OLD SEMINOLE HEIGHTS — In 1949, Hillsborough High School's clock tower emerged over Central Avenue, along with a plaque that bore the name of every student who died in World War II.
But through the decades, more names began to appear.
They were etched into the walls by kids who climbed inside.
Fred was here, 2003.
Jennifer K. wuz here 4-eva.
But when Hillsborough school superintendent MaryEllen Elia climbed up there on a ladder, she saw something more.
"A legacy," she said in a new documentary called Halls of Tradition. "It was putting your name on an important place that was important to you."
The documentary is dedicated to all those kids and any others who want to remember their days at Hillsborough High, the oldest public high school in the county.
In honor of homecoming, it will premiere Saturday, screened twice at the school's auditorium, back to back with Seminole Heights: An Intimate Look at the Early Years, a documentary that sold out the Tampa Theatre this spring and was later named a finalist in the Independents' Film Festival.
To some, Hillsborough High looks misplaced in Seminole Heights. Its Gothic-inspired architecture, arched hallways and stained glass windows call to mind the Ivy League universities of the North.
But the school's origins are much more humble.
It opened in 1885 on a floor of the Hillsborough Masonic Lodge downtown.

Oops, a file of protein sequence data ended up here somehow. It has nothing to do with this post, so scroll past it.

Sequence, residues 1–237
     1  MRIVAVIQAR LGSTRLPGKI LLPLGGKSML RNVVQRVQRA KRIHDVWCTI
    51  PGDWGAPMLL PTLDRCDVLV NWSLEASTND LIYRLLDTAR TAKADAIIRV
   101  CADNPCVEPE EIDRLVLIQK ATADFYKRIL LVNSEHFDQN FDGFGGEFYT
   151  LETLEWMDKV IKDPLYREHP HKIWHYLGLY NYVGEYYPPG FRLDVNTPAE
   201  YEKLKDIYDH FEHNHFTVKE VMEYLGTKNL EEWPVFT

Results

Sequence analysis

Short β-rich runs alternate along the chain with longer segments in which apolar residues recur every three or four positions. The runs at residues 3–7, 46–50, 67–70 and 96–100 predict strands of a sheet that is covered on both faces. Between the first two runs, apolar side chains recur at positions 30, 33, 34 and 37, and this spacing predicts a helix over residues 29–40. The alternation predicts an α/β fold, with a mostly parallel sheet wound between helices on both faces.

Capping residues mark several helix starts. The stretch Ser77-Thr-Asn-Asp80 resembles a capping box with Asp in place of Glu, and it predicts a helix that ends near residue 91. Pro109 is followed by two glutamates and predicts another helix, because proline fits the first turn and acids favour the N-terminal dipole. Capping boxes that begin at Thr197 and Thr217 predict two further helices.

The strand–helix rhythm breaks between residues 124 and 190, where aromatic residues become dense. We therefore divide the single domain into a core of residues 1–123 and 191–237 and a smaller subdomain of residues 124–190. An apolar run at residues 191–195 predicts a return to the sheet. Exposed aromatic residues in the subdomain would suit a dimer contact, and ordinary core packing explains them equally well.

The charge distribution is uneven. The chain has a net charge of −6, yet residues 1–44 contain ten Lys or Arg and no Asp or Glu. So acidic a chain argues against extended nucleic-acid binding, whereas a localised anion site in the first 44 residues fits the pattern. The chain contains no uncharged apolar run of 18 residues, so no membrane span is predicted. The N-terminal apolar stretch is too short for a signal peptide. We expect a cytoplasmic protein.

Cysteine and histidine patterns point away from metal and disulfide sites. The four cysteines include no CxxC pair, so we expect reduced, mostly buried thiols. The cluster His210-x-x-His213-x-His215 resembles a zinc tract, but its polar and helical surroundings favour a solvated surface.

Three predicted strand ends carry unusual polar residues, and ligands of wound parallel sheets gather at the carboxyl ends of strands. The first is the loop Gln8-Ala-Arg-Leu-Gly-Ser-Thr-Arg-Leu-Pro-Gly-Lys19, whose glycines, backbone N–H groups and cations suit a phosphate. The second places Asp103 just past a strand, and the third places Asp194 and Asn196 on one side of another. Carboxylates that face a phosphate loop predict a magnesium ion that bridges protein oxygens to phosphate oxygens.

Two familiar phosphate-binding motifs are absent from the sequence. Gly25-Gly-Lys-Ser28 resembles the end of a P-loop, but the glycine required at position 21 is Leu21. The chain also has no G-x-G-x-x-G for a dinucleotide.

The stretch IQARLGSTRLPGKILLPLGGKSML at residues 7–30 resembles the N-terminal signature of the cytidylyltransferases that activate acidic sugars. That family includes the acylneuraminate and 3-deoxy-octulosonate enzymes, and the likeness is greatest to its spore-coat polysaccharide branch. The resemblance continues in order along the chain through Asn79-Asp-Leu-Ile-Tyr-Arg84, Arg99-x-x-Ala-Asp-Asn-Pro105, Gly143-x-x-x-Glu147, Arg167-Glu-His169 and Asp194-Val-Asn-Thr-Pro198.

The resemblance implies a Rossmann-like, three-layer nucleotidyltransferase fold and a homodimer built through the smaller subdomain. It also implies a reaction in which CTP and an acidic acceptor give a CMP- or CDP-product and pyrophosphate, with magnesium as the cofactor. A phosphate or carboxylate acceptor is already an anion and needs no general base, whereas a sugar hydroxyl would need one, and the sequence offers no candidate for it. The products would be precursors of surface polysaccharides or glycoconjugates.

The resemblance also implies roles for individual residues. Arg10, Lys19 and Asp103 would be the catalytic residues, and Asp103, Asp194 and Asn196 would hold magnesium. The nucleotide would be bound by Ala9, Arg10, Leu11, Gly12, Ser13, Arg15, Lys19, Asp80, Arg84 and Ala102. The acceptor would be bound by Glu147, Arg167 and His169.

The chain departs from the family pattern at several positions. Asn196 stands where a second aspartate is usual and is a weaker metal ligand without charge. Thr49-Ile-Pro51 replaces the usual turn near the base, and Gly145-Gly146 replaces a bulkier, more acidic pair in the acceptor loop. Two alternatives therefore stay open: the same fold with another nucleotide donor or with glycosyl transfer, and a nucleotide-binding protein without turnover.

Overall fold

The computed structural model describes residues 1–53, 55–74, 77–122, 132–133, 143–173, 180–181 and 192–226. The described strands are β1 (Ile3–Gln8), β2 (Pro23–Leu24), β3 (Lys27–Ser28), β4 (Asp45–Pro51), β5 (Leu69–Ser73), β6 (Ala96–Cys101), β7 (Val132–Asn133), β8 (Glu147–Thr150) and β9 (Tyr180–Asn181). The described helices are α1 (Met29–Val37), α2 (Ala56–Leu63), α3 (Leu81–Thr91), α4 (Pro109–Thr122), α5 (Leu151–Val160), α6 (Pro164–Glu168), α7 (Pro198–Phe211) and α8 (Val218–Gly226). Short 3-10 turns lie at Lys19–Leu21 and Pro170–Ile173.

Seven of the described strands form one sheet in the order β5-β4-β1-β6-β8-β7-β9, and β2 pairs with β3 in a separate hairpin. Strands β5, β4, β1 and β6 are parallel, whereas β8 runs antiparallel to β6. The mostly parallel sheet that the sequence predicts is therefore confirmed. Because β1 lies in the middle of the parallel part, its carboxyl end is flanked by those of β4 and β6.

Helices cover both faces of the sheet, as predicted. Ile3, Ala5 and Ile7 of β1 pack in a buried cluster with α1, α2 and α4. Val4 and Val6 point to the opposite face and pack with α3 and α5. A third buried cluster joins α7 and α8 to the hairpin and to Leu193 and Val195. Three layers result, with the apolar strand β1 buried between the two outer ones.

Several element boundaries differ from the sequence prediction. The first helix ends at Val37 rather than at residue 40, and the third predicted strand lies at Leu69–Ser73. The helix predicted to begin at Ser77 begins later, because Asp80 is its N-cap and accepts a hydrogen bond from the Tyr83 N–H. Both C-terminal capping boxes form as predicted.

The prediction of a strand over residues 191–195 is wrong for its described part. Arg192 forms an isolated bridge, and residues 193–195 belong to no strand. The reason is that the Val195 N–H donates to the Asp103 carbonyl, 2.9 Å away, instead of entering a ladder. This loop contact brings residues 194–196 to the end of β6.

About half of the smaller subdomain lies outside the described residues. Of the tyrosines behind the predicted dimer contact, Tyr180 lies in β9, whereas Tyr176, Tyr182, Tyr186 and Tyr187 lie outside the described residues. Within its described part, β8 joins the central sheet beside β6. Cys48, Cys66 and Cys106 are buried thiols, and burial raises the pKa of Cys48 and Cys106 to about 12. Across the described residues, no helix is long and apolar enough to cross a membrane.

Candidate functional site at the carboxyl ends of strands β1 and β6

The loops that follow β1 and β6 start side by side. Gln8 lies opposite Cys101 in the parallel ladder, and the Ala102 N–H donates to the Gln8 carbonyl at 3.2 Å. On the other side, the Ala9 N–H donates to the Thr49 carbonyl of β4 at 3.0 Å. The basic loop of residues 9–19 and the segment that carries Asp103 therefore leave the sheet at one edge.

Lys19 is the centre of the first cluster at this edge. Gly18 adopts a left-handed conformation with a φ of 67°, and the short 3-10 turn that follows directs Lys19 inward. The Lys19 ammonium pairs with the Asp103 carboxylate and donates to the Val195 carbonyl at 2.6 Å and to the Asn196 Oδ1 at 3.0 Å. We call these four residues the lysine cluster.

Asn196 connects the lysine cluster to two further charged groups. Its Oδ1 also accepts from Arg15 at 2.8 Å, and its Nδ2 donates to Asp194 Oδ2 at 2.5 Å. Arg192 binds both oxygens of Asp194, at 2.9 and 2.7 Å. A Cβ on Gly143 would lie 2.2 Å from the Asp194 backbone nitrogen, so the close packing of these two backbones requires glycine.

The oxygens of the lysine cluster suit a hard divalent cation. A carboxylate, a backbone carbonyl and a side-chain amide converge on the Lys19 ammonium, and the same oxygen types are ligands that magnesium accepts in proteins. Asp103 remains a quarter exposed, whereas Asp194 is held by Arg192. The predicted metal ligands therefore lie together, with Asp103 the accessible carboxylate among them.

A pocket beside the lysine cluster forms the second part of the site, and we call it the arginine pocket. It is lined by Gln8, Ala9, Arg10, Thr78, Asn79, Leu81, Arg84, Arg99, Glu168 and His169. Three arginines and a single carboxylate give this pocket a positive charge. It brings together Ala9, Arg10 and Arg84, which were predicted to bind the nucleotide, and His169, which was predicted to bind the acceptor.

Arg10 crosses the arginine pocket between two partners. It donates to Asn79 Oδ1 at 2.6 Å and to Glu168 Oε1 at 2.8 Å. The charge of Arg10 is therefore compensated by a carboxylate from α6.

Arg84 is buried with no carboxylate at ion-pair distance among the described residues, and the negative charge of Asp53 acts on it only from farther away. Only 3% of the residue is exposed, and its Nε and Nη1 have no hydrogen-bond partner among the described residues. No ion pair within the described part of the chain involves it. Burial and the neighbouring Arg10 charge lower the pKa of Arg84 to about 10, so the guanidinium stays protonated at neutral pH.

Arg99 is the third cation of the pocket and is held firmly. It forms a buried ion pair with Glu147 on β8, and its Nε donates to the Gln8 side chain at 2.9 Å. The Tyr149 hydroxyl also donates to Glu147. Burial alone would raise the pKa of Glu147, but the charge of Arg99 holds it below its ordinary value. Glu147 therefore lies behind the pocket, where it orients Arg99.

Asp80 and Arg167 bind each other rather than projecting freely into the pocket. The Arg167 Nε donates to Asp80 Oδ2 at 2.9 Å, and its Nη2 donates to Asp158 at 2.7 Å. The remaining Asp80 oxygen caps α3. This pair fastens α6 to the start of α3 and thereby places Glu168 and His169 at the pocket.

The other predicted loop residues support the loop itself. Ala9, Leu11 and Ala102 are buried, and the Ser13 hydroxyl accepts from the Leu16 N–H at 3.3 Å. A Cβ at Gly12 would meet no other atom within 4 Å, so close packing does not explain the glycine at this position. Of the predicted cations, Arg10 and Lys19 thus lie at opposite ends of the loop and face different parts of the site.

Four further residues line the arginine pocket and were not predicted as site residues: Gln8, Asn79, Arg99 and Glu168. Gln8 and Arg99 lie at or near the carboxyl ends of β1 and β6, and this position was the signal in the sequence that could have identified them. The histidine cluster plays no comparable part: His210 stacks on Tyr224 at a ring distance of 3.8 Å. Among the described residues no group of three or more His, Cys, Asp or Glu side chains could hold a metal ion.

Its pioneers: 16 students and one teacher. Its first graduating class: four.
In the four decades that followed, the student population outgrew its first downtown home and a second location, which is now the D.W. Waters Career Center in Tampa Heights.
The school's final home was constructed in 1927 for $757,000. Architects, anticipating growth, built it to fit 2,000, almost double its enrollment at the time. Today, enrollment matches capacity.
More than 38,000 students have passed through the school, experienced its traditions.
There were the Thanksgiving Day football games against rivals at Plant High, marked by pep rallies in which girls wore big mum corsages.
And legends that the school was haunted, that a man touching up paint on the gargoyles put down his brush and quit because he thought they were staring at him.
The memories began to be immortalized in 1889 in the Red and Black, the first high school newspaper in Florida.
And in black and white photos in 1911, in the first yearbook in Florida.
And now on film, the school's memories live on, like the etchings on its clock tower.
Information in this report was taken from the documentary. Alexandra Zayas can be reached at firstname.lastname@example.org or (813) 226-3354.